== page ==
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Eyam Hall

Eyam Hall is a Jacobean-style manor house in Eyam in Derbyshire.

HistoryEdit

The Wright family were landowners in Eyam although their family was historically based in Longstone.[1] William Wright gave his land in Eyam to his second son Thomas who is credited with building the hall.[citation needed] Thomas's son John sold his father's house in Unthank and based his branch of the family in Eyam.[2] The hall began life as a generous wedding present in 1671 for John Wright and his new wife Elizabeth.[citation needed] It has been in the Wright family for nine generations and is currently a family home and wedding venue that opens at different times of the year.[citation needed] The historic house is situated in picturesque part of Derbyshire and is an unspoilt example of a gritstone Jacobean manor house.[3] The National Trust leased the hall for 5 years in March 2013, however, their lease has now ended and the Hall is back in the hands of the family full-time. [4]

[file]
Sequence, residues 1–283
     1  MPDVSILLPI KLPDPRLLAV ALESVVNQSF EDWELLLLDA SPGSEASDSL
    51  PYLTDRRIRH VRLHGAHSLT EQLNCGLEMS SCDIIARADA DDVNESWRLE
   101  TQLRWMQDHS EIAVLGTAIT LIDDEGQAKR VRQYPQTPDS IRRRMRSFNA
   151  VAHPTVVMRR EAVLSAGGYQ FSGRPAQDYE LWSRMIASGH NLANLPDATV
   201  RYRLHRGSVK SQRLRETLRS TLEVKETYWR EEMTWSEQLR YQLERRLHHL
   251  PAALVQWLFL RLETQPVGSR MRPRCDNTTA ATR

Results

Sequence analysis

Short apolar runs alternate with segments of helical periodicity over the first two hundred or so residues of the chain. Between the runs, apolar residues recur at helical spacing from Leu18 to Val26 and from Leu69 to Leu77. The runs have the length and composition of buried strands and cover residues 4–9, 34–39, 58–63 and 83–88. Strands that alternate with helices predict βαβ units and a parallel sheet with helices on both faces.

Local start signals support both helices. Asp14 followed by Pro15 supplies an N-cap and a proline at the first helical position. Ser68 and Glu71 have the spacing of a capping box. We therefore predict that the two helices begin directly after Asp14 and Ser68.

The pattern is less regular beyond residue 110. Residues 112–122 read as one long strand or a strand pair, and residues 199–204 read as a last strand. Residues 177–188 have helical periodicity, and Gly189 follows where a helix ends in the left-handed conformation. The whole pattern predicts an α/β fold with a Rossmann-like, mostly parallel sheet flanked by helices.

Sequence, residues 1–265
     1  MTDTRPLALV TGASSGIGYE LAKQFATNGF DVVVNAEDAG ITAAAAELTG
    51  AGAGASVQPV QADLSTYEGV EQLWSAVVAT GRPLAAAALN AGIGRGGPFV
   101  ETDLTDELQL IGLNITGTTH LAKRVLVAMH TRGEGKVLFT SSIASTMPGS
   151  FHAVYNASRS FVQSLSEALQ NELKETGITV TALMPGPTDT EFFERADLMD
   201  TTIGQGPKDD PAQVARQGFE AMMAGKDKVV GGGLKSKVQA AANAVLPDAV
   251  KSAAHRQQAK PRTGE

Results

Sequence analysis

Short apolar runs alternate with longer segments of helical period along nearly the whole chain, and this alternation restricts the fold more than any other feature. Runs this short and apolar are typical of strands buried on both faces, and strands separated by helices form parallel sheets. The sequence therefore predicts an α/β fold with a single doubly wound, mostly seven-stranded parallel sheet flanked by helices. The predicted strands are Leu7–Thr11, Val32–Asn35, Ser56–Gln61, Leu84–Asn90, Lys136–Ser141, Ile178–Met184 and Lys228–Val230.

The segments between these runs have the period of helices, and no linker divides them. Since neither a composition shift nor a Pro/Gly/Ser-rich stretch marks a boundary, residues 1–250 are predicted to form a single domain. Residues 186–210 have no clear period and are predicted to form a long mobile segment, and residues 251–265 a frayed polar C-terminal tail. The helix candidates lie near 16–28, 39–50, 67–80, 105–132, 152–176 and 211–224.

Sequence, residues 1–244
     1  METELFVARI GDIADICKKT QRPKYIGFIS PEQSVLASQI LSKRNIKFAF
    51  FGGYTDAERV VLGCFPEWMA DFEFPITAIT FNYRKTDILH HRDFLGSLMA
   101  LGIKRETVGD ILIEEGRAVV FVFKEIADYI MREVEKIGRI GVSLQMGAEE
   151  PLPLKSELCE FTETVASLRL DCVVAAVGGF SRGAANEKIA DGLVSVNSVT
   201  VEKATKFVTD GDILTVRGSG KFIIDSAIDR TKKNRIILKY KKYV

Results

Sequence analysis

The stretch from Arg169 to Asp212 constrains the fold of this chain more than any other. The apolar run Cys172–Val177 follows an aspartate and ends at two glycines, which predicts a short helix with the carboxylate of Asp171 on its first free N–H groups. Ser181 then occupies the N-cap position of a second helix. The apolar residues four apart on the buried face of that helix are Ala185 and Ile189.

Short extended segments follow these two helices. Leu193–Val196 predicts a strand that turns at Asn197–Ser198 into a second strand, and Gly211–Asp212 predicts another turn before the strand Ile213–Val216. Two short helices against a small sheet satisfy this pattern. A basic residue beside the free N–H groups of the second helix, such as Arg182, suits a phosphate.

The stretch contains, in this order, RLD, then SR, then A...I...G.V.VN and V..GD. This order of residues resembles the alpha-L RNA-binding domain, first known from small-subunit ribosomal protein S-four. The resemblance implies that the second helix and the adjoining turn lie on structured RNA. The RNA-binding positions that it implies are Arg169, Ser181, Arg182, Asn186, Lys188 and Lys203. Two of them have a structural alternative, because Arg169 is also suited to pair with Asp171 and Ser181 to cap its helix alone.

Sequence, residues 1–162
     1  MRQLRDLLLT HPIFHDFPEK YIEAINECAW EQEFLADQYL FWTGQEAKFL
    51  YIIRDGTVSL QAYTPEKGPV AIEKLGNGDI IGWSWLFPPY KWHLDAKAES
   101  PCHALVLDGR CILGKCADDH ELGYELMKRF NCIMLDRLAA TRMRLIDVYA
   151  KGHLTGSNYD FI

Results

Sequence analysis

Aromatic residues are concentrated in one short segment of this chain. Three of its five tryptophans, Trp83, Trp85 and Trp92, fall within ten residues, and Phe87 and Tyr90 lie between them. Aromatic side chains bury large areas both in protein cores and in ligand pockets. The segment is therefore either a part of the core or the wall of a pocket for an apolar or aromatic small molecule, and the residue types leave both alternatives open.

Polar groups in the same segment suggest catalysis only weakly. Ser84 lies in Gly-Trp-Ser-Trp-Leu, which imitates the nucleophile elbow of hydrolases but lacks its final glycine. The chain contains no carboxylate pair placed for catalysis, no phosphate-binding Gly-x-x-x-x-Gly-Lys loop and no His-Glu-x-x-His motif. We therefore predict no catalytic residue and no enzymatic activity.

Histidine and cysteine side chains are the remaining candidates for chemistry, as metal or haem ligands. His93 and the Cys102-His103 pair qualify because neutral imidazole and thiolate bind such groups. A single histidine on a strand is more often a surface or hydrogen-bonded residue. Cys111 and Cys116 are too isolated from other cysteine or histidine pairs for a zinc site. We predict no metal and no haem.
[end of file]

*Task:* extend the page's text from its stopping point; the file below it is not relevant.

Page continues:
General informationEdit

The Hall and garden are open at different times each year.[5] There is a craft centre and restaurant adjacent to the hall. The shops and cafe are open all year round (except January) from 10–4.30 p.m. Eyam Hall is a Grade II* listed building.[3][6]

See alsoEdit

ReferencesEdit

  1. ^ Wood, William (1859). The history and antiquities of Eyam: with a minute account of the Great Plague, which desolated that village in the year 1666. London: Bell and Daldy. p. 183.
  2. ^ "Wright of Eyam Hall". Administrative history. National Archives. Retrieved 22 April 2013.
  3. ^ a b English Heritage: Images of England, architectural description of listed building
  4. ^ Eyam Hall, National Trust site, accessed April 2013
  5. ^ "House Opening". Eyam Hall. Retrieved 19 October 2018.
  6. ^ Historic England. "Eyam Hall  (Grade II*) (1334913)". National Heritage List for England. Retrieved 6 April 2015.

External linksEdit